We also have instituted an appeal process. This mechanism ensures that decisions to remove content or suspend accounts can be reviewed, safeguarding against inaccuracies and maintaining our commitment to fairness and transparency. 

For further information on our approach please visit this page.


(1) the type and volumes of data processed; 

During the reporting period of 1 January 2023, to 31 December 2023, TIUC took significant action in its fight against CSE. We suspended 12.4 million accounts for violations related to our CSE policies globally, a substantial increase from 2.3 million accounts in 2022. In the EU, we suspended more than 700K accounts during the reporting period. Furthermore, we submitted 870,000 reports to NCMEC globally, making a significant uptick in our reporting efforts, including our first fully-automated report. This volume is over eight times the number reported in 2022. It is important to note that TIUC does not currently track accounts reviewed but not actioned for policy violations. However, we may process personal data, including account details, text, and media, to investigate potential CSE policy violations.

(2) the specific ground relied on for the processing pursuant to Regulation (EU) 2016/679; 

The specific grounds for processing personal data by TIUC are detailed in 𝕏’s Privacy Policy and Additional information about data processing, aligning with Regulation (EU) 2016/679 (“GDPR”). 

(3) the ground relied on for transfers of personal data outside the Union pursuant to Chapter V of Regulation (EU) 2016/679, where applicable; 

Consistent with Chapter V of the GDPR, 𝕏 relies on the European Commission’s adequacy decision or Standard Contractual Clauses (“SCCs”) for the transfers of personal data outside the European Union, as detailed in 𝕏’s Privacy Policy.

(4) the number of cases of online child sexual abuse identified, differentiating between online child sexual abuse material and solicitation of children;

While all reported violations contravene 𝕏’s CSE policy, we currently lack the capability to categorically distinguish between online sexual abuse material and the specific context of each piece of material, such as the solicitation of children. Nonetheless, the 12.4 million account suspensions during this period reflect our commitment to combating all forms of CSE.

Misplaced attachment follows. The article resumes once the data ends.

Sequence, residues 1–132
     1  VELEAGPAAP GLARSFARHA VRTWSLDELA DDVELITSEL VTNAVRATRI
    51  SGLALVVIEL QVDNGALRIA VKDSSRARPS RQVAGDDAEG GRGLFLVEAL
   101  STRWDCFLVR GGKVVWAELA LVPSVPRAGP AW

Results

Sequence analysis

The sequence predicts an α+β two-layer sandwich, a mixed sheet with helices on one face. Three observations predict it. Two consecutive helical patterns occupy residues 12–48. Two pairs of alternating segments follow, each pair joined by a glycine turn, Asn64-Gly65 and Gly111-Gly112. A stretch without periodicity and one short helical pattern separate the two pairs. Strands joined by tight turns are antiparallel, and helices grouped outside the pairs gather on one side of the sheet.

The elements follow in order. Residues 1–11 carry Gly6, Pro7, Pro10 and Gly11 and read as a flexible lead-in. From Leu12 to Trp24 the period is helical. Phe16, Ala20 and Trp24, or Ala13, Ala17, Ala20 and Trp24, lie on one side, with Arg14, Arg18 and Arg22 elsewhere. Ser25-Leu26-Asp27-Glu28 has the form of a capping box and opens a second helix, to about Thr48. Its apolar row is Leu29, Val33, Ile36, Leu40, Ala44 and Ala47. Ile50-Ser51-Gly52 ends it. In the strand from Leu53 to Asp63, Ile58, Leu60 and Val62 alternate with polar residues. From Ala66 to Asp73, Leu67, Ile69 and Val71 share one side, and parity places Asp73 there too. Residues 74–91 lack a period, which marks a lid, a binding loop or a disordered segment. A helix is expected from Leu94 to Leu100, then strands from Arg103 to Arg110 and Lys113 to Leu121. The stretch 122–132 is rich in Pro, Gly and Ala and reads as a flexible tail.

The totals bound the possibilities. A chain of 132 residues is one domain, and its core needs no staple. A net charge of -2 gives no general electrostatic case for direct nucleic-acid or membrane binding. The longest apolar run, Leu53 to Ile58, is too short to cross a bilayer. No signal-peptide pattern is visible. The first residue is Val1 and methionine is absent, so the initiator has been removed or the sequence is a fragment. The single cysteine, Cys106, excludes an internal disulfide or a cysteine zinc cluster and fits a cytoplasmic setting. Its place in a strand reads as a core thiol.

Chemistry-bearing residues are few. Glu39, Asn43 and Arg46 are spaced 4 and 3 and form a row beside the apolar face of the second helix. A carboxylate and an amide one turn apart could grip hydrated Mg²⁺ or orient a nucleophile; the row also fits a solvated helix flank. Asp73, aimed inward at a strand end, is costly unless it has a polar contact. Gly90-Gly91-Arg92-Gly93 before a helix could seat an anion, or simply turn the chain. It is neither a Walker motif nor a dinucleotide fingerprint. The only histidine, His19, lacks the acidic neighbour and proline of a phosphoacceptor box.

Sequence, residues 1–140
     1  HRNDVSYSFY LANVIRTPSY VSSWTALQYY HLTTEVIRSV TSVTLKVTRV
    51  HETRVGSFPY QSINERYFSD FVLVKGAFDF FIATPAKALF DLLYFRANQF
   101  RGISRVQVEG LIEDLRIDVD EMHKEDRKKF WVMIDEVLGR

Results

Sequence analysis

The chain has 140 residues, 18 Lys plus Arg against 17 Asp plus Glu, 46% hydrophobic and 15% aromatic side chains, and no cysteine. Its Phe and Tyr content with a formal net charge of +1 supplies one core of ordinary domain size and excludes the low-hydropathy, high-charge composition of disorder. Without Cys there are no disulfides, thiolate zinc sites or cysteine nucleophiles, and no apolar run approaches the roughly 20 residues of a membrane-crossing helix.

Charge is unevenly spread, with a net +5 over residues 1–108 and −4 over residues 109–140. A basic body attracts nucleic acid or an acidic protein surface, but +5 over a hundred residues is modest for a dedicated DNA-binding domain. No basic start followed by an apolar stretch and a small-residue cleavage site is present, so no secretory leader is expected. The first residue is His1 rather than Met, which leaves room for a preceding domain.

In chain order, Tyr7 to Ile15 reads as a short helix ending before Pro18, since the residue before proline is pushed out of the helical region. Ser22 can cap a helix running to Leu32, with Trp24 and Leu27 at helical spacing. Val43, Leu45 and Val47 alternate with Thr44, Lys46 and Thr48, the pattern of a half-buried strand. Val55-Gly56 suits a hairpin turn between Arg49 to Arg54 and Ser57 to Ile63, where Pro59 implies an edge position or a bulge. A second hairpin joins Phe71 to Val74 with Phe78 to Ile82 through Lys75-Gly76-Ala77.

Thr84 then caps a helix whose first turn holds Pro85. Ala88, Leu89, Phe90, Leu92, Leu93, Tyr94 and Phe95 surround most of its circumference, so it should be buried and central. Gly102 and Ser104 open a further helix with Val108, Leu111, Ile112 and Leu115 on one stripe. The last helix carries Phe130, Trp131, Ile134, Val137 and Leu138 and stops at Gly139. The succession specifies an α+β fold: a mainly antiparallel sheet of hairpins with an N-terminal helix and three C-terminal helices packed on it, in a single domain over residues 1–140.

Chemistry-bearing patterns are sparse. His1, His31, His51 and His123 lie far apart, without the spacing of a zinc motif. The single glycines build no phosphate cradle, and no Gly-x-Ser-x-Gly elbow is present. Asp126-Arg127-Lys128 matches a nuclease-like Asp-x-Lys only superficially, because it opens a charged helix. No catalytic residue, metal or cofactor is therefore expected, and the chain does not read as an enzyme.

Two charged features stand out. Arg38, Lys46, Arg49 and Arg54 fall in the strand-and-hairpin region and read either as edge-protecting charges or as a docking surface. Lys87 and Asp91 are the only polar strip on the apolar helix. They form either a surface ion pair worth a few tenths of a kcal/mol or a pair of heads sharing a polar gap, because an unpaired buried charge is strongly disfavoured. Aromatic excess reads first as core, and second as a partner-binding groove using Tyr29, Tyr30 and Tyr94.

(5) The number of cases in which a user has lodged a complaint with the internal redress mechanism or with a judicial authority and the outcome of such complaints

In 2023 we received 224k appeals in the EU for CSE-related actions. 

(6) The numbers and ratios of errors (false positives) of the different technologies used

In 2023 we reversed 1,721 CSE suspensions in the EEA. Of these reversals, 210 of the original suspensions were made by automation and 1,511 were applied manually. In 2023 we made 500k automated and 200k manual CSE suspensions in the EEA, which translates to a precision of over 99% for each method.

(7) The measures applied to limit the error rate and the error rate achieved

We continually provide training to our agents to ensure consistent enforcement of our policies, thereby guaranteeing a high level of accuracy. For automated defences we sample potential actions and label to determine error rate before launch. We deploy a variety of stopgaps to ensure we don’t over-enforce or enforce on high trust accounts. Based on our suspensions and appeals volume, we achieved an error rate of less than 0.1%.

(8) the retention policy and the data protection safeguards applied pursuant to Regulation (EU) 2016/679; 

TIUC’s data retention policies are outlined in our 𝕏's Privacy Policy. We adhere to ISO standards for security and privacy, undergoing regular third-party audits as needed to ensure the robust protection of the processed data.

(9) the names of the organisations acting in the public interest against child sexual abuse with which data has been shared pursuant to this Regulation

The National Center for Missing and Exploited Children (“NCMEC”) in the United States of America (